This happened yesterday, and I'm over it now (or maybe not, since I'm blogging about it). The supermarket at my apt. complex has a new clerk. God, I hate dealing with new clerks at my regular haunts (cuz it's my territory). I always get the shocked, deer-in-headlights look when they seem me. They're like, "OMG, it's a foreigner- what do I dooooo?!" This is incredibly alienating. I used to be embarrassed, and sorry that they had to deal with me (even though I, and everyone else I know, can conduct a simple money transaction in Korean... Well, actually, it's not so simple, because they ask 10 million other questions, like, "Do you have a discount card?", "Do you need a bag?", or, "Do you want your iced latte hot or iced?" But, I digress).
Well, I'm not sorry anymore. My general attitude these days is distant- I guess I try to have out-of-body experiences during these awkward encounters. But if I'm not in the mood, which is often these days, it's frustrating and very irritating. Anyway, everyone has encountered the silent clerk, I'm sure. First, you get a shocked, tentative look out of the corner of newbie's eye, and you ignore the look. You ask for a bag (in Korean). Noob hands it over wordlessly. Then they ring up the sale, and gesture to the signature pad (or they hand you the calculator). You ignore the gesture and say, "Ne?" just cuz you're feeling cunty. The clerk laughs (grrrr), and tells you to sign it. Finally, he/she silently hands you the receipt. And they think they're through with you-ugh, what a relief for the xenophobic! Frankly, I don't like to be ignored after I just spent a chunk of change at a store I spend over $500/month in. So I raise my eyebrows and ask in English, "Cat got your tongue?" And then I vow that from here on out, I will deliberately go through her line, because she obviously requires some repeat therapy to help her overcome her phobia.^~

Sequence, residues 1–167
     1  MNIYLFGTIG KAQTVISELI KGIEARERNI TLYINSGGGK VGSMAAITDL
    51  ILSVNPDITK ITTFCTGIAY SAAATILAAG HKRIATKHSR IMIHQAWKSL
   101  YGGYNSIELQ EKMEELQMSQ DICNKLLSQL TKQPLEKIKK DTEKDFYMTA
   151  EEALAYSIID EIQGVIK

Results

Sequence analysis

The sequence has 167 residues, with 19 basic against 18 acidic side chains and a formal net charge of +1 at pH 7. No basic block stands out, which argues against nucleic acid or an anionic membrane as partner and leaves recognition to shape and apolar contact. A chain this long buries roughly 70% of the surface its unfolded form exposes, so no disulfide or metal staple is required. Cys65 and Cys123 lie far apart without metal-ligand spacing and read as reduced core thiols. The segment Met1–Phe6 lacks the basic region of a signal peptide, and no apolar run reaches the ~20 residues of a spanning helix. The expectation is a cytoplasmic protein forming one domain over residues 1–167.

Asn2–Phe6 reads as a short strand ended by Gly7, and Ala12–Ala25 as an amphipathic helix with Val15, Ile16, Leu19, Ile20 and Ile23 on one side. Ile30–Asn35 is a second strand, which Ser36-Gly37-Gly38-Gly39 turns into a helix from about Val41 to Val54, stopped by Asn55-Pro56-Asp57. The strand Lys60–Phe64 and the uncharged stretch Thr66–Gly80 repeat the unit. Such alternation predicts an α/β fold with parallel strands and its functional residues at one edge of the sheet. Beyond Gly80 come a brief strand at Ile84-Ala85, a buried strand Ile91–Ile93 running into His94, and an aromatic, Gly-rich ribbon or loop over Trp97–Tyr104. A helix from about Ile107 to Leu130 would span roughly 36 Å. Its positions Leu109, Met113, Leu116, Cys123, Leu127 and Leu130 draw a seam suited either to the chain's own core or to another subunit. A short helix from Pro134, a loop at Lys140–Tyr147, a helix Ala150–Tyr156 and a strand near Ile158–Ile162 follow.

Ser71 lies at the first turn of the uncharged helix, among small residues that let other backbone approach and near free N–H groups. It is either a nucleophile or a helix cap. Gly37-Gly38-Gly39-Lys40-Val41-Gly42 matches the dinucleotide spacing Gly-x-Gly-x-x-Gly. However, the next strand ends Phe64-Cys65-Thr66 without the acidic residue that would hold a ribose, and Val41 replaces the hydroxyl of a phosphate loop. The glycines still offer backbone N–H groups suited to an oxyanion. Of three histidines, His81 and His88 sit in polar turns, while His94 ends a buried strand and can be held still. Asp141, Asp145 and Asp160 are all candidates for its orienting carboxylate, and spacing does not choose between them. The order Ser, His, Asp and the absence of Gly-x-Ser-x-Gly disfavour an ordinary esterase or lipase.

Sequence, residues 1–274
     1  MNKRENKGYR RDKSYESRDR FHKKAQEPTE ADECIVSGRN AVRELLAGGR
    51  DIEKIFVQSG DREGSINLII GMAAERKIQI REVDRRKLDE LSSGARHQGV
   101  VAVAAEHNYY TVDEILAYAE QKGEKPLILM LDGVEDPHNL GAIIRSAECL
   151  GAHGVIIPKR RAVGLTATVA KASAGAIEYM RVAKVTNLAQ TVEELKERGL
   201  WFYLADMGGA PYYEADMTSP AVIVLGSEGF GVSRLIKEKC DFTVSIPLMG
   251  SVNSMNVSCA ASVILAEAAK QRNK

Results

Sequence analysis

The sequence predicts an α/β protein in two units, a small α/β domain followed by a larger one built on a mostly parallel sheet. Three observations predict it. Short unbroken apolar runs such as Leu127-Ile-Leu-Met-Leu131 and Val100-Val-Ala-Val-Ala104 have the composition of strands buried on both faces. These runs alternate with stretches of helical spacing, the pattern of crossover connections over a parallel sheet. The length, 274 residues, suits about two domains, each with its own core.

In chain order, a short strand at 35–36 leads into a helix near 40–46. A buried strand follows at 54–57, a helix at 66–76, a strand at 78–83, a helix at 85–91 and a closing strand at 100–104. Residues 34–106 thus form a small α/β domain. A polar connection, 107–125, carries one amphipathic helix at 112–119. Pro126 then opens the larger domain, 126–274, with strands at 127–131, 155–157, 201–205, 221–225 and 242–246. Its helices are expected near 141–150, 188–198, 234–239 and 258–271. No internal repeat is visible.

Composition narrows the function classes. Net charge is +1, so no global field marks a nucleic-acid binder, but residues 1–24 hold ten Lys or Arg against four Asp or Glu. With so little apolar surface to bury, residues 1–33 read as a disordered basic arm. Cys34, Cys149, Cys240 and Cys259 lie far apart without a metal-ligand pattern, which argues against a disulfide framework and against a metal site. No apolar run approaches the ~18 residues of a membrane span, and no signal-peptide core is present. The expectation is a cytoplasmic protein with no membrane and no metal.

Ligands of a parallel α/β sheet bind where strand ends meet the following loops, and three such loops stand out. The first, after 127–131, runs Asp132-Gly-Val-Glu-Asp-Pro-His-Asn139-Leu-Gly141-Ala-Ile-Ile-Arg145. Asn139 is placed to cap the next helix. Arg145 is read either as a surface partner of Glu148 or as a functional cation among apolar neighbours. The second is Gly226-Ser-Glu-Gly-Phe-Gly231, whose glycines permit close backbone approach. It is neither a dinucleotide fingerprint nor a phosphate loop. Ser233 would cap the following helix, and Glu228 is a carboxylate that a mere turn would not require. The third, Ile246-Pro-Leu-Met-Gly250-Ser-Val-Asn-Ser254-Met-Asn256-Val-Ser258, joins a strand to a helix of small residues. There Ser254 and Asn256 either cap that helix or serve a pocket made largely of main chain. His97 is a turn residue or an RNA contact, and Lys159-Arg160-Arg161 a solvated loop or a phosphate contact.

My husband tells me I should use English only because people are insecure about their lack-of English, and it gives me the upper-hand. But I don't want the upper-hand. My (pipe) dream is to be treated with the same amount of respect afforded other Koreans (alas, one can hope...). JS also told me that he has many Korean friends who go to Japan and can speak adequate Japanese. But he says they don't use it. They use English because it gives them authority, whereas if they use Japanese, they will be treated on the same level if not a lower level. I prefer not to use English because it eliminates potential misunderstandings, but I do use it in Itaewon because I have noticed that what my husband says is true. Generally people are more polite if you use English (although there are always exceptions, and I have examples, but that's for another post).